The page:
WorkSafe.qld.gov.au redesign: We’re delighted to announce that our redesigned website has launched! Read more
Skip to content
Menu

Employers have a duty to train and instruct workers on safe truck exiting

Kelleher v J & A Accessories Pty Ltd [2018] QSC 227

Brisbane Supreme Court

Ryan, J

4 October 2018

Background

The Plaintiff was a 45 year old sales representative / delivery driver who alleged he sustained lower back and psychiatric injuries as a result of:

  1. Repetitively lifting vehicle batteries weighing over 20kg between 2012 and 2013; and
  2. Exiting from the cabin of an Isuzu NPR 300 truck on 21 August 2013.

The Plaintiff suffered from a significant pre-existing L4/5 disc protrusion diagnosed in 2011, around four months prior to commencing employment with the employer.

Liability

The main issues in dispute were:

  1. Whether the Plaintiff sustained a back injury from his repetitive lifting duties or solely as a result of exiting the truck cab;
  2. The method in which the Plaintiff exited the truck i.e. whether he stepped or jumped out and how he landed on the ground;
  3. Whether it was foreseeable that the Plaintiff could have suffered injury from exiting the cab;
  4. Whether the Plaintiff was adequately trained to exit the truck cab, and if such training would have changed the method the Plaintiff could have adopted to exit the truck cab;
  5. Whether the provision of any additional equipment or assistance would have prevented the Plaintiff from suffering a back injury from repetitively lifting vehicle batteries.
  6. The cause of the Plaintiff's right sided symptom after he had undergone spinal surgery to treat his injury;
  7. If the Plaintiff simply suffered a temporary exacerbation of his significant pre-existing condition as a result of the work events or a more serious and permanent aggravation.

Judgement

The Plaintiff exited the truck by swinging out of the cab front first and jumping out with both feet before landing simultaneously on the ground.
The risk of injury associated with lifting vehicle batteries and exiting the truck was foreseeable.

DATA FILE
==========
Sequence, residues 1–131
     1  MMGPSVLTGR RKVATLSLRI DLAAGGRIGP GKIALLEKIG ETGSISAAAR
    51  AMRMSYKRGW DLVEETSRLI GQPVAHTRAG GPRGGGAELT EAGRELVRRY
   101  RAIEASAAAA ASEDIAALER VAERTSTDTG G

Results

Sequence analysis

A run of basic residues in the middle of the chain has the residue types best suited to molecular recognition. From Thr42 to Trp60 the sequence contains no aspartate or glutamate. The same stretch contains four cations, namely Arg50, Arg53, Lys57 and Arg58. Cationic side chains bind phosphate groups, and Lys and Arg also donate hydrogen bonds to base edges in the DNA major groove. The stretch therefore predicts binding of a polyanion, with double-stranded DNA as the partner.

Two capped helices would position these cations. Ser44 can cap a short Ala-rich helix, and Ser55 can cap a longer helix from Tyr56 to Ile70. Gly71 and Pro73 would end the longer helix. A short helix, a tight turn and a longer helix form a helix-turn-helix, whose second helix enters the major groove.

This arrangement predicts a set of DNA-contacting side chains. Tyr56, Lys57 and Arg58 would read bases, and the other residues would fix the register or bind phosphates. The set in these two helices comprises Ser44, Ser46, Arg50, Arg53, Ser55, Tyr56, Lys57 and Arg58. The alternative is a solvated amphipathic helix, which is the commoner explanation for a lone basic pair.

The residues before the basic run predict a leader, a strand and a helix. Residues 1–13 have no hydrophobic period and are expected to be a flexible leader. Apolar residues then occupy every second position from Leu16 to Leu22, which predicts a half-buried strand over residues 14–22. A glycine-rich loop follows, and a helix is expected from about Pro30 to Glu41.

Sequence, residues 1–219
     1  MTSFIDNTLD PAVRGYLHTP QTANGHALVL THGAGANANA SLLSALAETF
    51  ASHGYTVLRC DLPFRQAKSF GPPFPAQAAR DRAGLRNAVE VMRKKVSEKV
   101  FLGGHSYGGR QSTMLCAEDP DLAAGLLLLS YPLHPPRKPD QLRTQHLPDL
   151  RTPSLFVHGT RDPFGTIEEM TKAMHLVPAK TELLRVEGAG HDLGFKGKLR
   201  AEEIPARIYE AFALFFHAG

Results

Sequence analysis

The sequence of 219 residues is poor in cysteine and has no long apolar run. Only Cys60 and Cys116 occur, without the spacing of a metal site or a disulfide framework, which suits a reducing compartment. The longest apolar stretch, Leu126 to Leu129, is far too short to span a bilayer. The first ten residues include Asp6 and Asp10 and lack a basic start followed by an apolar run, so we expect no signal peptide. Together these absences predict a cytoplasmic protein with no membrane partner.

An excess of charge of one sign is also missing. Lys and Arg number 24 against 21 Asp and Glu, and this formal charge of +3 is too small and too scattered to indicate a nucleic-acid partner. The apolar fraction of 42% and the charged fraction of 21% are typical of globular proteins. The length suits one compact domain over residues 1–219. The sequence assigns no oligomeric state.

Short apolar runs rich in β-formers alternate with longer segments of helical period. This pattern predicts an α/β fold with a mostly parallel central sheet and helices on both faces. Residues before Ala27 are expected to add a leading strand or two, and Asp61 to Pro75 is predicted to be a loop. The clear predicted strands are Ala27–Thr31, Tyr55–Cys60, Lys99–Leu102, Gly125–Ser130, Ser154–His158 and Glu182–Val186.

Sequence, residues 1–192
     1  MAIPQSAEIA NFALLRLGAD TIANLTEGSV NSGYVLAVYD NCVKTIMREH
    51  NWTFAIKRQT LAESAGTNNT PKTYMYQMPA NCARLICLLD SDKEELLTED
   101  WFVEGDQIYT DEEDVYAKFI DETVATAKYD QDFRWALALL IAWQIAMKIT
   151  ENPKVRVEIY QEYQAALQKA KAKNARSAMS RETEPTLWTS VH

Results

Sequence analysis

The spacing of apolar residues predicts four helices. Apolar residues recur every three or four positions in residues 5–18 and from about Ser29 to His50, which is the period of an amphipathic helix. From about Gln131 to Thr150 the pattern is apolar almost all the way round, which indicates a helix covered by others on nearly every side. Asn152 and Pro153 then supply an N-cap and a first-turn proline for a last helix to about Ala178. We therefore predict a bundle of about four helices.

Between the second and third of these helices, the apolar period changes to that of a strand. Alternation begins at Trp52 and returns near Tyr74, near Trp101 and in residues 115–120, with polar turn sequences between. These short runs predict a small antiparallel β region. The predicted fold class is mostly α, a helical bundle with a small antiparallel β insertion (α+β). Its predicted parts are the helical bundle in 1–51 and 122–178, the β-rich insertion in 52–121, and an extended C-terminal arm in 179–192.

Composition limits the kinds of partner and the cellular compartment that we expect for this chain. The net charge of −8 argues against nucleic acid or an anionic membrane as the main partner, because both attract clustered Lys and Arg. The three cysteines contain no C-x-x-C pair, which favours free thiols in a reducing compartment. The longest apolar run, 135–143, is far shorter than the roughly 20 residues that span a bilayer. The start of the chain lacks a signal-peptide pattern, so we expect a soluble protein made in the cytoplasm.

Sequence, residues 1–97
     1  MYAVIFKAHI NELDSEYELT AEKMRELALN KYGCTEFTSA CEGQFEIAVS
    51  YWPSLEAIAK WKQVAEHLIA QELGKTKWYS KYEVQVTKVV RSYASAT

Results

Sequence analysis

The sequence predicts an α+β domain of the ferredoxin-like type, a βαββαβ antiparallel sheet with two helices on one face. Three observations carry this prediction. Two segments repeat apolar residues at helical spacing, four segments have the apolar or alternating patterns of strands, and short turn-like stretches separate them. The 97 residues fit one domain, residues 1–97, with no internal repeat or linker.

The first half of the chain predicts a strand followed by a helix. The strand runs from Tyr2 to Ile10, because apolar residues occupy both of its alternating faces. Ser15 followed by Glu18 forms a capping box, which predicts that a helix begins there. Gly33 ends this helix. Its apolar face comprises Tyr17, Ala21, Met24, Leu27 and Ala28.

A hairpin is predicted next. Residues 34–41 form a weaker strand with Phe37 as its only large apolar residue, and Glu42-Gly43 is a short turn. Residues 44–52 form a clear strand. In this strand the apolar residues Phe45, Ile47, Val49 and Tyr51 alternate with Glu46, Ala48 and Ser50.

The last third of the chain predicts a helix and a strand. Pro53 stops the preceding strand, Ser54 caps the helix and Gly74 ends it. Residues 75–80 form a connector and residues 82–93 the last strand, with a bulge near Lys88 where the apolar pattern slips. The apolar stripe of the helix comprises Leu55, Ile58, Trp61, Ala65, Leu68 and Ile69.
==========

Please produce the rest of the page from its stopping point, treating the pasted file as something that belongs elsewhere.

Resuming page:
The employer breached its duty by failing to provide manual handling training of the batteries and training and instruction for exiting the truck.
The evidence of Intersafe was accepted regarding both foreseeability and breach.

The Plaintiff established causation for exiting the truck. He would have followed the employer's training and instruction by exiting the truck in reverse whilst using the hand hold and foot hold had that been provided to him.

However, the Plaintiff failed to prove causation for manual handling training of the batteries. He did not lead any evidence to prove that he would not have been in a similar position had the employer undertook adequate precautions.

The evidence of Dr Campbell and Dr McEntee was preferred over Dr Labrom, and in particular that the lumbar discectomy to treat the initial back injury had caused the Plaintiff to develop right sided back and leg symptoms (as opposed to his pre-existing condition being the cause).

Findings

Significant discounts were applied to economic loss for the Plaintiff's pre-existing back symptoms.

  1. $126,000 for Past Economic Loss - $800 net per week from the date of exiting the truck discounted by 70% for pre-existing back condition and adverse employment market with a further reduction of 10% for contingencies;
  2. $181,914 for Future Economic Loss - $800 net per week for 19 years discounted by 60% for his pre-existing back condition and the challenging labour market with a further discount of 12% for contingencies.

Discussion/ implications

Employers have a duty to train and instruct workers to exit truck cabs which are 50cm from the ground – this case can be distinguished from Mt Isa Mines v Williams where the Plaintiff likened getting out of his work vehicle to exiting his Toyota Landcruiser.

The Court has reinforced the position that the Plaintiff must present evidence to establish a link between breach and causation in order to establish liability (see similar cases of Schonell v LaSpina, Trabucco; Lusk v Sapwell).

The outcome of liability and quantum matters are significantly dependent on how lay and expert witnesses give evidence at trial.